Copyright© obohobo 2007
This is a work of fiction, any resemblance to persons living, dead or fictional is purely coincidental. The ideas and thoughts that follow are pure fantasies. In real life, at the very least they would be unpleasant and probably illegal. Fantasies are like that; daydreams where we can contemplate and imagine the sensations without suffering or inflicting the pain, despair or humiliation.
"Why don't you ask Ernie in stores to have a look at it Mickey? You saw that beautiful box he made for Mrs. Gooch when she retired last year and the photos in the paper of the case he made for the ceremonial mace for the Mayor's Parlour." Sally Meacham suggested to her friend Michelle as they sat in the canteen of Brindle Enterprises at lunchtime.
"Oh I don't know Sal, he's a strange man. Always seems scared shitless when near a woman and doesn't even stand close to the counter when we go to get stuff from the stores."
"Get Ken to go with you then."
"There's the problem of trying to ask questions that only require a yes or no answer. I know he can't help not being able to talk but it does make things difficult."
"Look at it this way Mickey. You've bought a wall unit bookcase and you can't understand the assembly instructions. Ken's more useless at that sort of thing than you are so he's no help to you. You paid a fair amount for it so what have you got to lose by asking Ernie? Go now. There's still twenty minutes of lunch break left, Ken's only outside having a fag and Ernie always stays in the storeroom to have his lunch. Now's as good a time as any." Sally pressed her point. Mickey nodded, went to find Ken and they made their way together to the basement.
Ernie looked up from drinking his tea and reading the latest issue of 'The Woodworker' when he heard the footsteps approaching and through the two-way mirrored panels across the hatch, saw the couple stop and read the notice he always displayed. They'd read it many times before but this time it was more because she was hesitant to ask.
I am sorry but I literally cannot speak.
Please try and ask your questions in a way
that I can give you a yes or no nod to answer.
If that is not practical,
please watch the computer screen for my reply
Mickey knew that Ken wouldn't be of much use in this situation but his presence reassured her. Ken might know computers from the inside out but on practical work, he was worse than useless. Gently she tapped o the glass. When Ernie opened the hatchway, Mickey explained about her flat-pack bookcase problem and asked if he would mind looking at it for her. <Cannot Ken do it?> came up on the screen although Ernie guessed the answer from the experience he had of him when he installed the storeroom's new computer system.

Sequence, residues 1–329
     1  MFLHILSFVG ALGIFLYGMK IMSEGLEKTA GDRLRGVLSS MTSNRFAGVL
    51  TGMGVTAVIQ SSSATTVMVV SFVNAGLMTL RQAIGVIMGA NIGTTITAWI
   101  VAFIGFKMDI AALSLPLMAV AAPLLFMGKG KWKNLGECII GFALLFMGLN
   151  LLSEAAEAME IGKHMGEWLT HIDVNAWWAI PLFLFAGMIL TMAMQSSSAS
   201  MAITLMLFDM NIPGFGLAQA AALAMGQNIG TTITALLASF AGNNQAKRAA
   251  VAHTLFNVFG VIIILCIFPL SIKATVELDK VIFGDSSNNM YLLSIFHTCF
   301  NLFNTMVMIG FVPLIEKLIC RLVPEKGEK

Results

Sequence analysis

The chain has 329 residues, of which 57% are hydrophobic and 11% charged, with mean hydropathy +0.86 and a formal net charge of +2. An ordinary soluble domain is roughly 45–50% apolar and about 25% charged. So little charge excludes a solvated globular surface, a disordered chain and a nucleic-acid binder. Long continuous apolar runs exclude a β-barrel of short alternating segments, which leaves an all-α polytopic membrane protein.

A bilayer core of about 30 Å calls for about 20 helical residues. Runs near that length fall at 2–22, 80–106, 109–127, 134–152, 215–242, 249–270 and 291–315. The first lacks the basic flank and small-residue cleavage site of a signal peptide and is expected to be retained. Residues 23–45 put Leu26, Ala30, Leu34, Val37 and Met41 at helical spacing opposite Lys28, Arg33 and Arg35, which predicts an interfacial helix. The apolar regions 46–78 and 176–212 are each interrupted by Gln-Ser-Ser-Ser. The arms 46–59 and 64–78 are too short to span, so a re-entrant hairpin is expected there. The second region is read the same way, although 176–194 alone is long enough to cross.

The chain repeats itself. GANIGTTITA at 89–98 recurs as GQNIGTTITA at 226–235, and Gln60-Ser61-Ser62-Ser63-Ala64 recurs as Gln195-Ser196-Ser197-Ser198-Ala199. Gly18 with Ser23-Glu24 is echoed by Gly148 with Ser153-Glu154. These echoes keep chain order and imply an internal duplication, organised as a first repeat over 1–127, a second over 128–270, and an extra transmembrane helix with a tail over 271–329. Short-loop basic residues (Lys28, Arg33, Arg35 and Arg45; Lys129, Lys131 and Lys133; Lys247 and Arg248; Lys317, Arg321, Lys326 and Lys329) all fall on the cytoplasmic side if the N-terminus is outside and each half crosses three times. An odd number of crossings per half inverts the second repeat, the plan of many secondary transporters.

"He's useless at anything that doesn't have a keyboard and a mouse," laughed Mickey, "But he can be there when you come if you like." Eventually he agreed to call on his way home from work.
"You think that it is rubbish then Ernie?" After pointing out a number of defects, he'd indicated that she should put it all in her wheelie bin.
"Return it. Get your money back." He wrote on a pad. "Come to mine after tea. I have something much better. Needs a bit of fixing." For ever afterwards he was amazed that he wrote that. "I wanted to get it out of my workshop, ' he answered himself, knowing full well that wasn't the real reason. He seemed very shocked and worried when she turned up without Ken.
"I'm sorry Ernie, but Ken wanted to work on a computer he's building for a client so he went home. I know you're not keen on women so I'll go home again and come back when Ken is available if you wish. I'm quite harmless really." Ernie shook his head and indicated she should follow him to a converted barn close to the house. Inside he showed her what had once been a grand bookcase bureau with a tambour roll top desk and leaded glass doors enclosing the bookshelves above. Now though, it was very dilapidated and in a sorry state. It had been stored in a damp garage and now the joins gaped apart, the doors were only held by one hinge and the drawers stood alongside because they had swollen and now wouldn't fit in their openings. It was also obvious that canvas of the roll top desk had rotted because the tambour slats were in disarray and the pigeon holes behind it were loose or missing. "How can this be much better?" Mickey asked herself, "Its just firewood."